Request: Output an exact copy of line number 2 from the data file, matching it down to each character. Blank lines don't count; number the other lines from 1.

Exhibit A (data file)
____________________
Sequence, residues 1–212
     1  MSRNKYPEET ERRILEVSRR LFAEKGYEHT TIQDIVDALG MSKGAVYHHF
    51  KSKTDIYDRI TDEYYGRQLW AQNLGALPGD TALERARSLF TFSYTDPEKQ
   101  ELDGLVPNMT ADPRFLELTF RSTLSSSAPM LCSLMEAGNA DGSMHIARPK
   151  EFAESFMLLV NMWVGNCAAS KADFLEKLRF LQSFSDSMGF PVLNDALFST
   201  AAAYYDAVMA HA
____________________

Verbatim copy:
     1  MSRNKYPEET ERRILEVSRR LFAEKGYEHT TIQDIVDALG MSKGAVYHHF